Issues of identity have captivated Somerville author Pagan Kennedy since her days as an Allstonite ’zine pioneer back in the mid ’80s. Since then, she’s written nine books of fiction and narrative nonfiction, including the New York Times notable book Black Livingstone and the novel Confessions of a Memory Eater. In her latest book, The First Man-Made Man, the story of the first female-to-male sex change in mid 1940s, Kennedy looks at the transformation — physical, psychological, and social — of Michael Dillon, born Laura Dillon, in 1915.
“When I first went into the project,” Kennedy says, “I thought of sex changes in the way that it’s typically presented: a separate series of surgeries alone unto itself.” But as she continued to research the subject, she found that “so much of it is really the same treatments that non-transgenders go through. It’s the same conglomeration of surgeries and treatments that everyone’s using to manipulate their bodies.” That said, Kennedy doesn’t mistake a boob job or a chin tuck for a complete gender swap.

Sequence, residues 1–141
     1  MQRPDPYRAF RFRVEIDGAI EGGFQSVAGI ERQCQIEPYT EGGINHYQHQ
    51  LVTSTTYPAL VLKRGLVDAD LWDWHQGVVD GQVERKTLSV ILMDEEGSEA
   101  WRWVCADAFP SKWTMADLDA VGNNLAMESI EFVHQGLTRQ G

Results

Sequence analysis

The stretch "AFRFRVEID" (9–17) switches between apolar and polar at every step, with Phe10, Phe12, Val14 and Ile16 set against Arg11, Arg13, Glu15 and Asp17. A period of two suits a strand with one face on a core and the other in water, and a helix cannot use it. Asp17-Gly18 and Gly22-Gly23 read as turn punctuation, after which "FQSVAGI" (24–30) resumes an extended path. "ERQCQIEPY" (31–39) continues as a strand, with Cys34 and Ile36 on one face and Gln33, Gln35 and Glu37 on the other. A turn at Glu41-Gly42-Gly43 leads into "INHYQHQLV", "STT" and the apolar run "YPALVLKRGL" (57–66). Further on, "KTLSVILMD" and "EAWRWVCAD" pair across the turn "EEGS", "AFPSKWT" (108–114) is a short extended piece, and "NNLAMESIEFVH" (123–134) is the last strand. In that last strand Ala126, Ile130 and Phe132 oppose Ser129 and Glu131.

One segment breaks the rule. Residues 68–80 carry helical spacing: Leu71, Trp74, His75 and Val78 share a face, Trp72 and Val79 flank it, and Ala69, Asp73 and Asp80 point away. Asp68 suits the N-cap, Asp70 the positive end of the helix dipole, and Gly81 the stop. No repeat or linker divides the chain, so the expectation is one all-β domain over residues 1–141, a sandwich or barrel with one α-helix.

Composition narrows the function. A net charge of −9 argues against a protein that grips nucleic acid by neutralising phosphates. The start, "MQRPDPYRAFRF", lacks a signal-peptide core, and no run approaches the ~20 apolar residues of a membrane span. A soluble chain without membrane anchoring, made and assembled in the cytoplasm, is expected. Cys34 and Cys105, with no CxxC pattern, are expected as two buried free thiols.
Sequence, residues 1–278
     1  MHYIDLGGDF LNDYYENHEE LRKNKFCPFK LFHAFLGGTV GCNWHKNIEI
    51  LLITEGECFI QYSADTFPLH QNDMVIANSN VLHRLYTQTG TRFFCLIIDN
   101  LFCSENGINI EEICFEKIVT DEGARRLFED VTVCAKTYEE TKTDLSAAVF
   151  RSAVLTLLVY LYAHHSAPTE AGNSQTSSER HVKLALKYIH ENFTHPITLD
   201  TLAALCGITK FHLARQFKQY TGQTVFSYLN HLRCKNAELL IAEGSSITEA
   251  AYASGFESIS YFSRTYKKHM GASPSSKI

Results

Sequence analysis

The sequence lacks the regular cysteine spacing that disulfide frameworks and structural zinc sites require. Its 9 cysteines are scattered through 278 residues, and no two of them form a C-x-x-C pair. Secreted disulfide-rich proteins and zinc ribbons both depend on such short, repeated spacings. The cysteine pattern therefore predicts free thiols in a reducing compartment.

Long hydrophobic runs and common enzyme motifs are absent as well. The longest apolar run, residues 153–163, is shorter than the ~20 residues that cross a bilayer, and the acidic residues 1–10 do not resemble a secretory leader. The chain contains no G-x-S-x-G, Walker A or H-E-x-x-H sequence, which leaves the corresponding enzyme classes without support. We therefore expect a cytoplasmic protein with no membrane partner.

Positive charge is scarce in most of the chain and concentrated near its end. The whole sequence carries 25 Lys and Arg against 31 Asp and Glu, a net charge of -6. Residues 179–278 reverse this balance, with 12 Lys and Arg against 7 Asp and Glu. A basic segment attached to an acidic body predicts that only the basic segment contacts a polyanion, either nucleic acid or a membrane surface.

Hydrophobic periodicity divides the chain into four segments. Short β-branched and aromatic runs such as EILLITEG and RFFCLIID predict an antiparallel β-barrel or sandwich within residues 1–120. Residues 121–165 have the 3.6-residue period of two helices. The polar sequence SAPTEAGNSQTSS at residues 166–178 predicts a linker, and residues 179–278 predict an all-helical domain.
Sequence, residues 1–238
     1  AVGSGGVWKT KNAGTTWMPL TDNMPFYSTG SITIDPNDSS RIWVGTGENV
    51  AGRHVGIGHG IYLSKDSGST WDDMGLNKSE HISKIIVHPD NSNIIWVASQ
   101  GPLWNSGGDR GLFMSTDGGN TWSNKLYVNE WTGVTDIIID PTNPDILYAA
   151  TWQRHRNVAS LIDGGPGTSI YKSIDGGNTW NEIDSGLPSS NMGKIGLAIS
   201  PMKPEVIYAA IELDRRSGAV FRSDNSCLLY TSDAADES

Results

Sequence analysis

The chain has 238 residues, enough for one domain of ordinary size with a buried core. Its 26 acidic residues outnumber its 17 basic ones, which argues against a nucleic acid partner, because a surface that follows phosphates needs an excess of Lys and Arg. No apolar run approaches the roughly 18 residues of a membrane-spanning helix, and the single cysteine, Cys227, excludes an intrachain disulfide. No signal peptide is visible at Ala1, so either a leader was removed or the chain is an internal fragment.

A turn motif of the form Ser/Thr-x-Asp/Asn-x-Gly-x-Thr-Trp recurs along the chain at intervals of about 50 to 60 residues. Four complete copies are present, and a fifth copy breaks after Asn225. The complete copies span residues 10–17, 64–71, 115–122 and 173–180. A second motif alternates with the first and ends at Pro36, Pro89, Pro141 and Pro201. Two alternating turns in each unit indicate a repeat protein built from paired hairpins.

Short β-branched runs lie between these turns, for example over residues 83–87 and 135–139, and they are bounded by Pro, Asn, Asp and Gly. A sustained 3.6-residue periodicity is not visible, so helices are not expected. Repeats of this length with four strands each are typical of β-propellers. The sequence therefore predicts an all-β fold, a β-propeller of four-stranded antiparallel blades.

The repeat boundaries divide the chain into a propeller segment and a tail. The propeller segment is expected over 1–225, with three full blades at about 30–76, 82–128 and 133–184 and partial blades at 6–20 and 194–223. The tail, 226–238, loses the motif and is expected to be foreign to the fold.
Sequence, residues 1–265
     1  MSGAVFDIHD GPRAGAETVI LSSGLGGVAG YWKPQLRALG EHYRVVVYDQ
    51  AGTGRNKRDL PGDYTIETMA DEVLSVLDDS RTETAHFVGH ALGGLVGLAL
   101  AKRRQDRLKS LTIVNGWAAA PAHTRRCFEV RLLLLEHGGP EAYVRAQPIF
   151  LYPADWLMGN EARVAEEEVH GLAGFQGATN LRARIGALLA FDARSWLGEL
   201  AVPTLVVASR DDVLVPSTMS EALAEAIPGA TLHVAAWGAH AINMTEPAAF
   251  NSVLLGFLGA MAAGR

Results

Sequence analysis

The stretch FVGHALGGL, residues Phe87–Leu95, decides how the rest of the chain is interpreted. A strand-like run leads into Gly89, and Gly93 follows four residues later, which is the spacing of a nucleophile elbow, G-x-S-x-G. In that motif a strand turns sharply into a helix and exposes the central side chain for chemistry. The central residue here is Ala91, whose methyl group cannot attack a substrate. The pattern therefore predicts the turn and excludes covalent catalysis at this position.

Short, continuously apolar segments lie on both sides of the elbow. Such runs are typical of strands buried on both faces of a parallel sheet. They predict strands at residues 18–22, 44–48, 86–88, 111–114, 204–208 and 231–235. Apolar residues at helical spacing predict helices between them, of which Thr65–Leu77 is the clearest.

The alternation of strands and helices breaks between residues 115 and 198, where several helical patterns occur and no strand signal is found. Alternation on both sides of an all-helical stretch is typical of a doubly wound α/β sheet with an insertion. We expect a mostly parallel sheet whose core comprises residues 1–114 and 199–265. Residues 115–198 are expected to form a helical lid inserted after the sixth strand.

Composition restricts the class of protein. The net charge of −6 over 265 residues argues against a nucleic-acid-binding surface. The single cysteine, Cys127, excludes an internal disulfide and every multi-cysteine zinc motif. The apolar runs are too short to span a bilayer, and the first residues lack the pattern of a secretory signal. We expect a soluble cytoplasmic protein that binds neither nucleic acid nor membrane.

The biography reads like a novel. Dillon belongs to the English aristocracy, and as he changes from a woman to a man, he also morphs from an Oxford scholar and medical student to a sailor and Buddhist monk. “There’s something about the before-and-after story that lends itself to storytelling,” Kennedy says.
Not only is her book a medical history of the procedure and an examination of the complexities of gender, it’s a devastating portrait of a man who goes to huge lengths to be at home in his own body and in the world. Kennedy says that inhabiting her subjects is her “job as a biographer.” “The piece that everyone can relate to,” she says, “is being misrepresented by your body, being betrayed by your own body.”
Kennedy reads from The First Man-Made Man on March 19 at 7 pm, at Porter Square Books | March 20 at 7 pm, at Brookline Booksmith | March 27 at 7:30 pm, at Newtonville Books.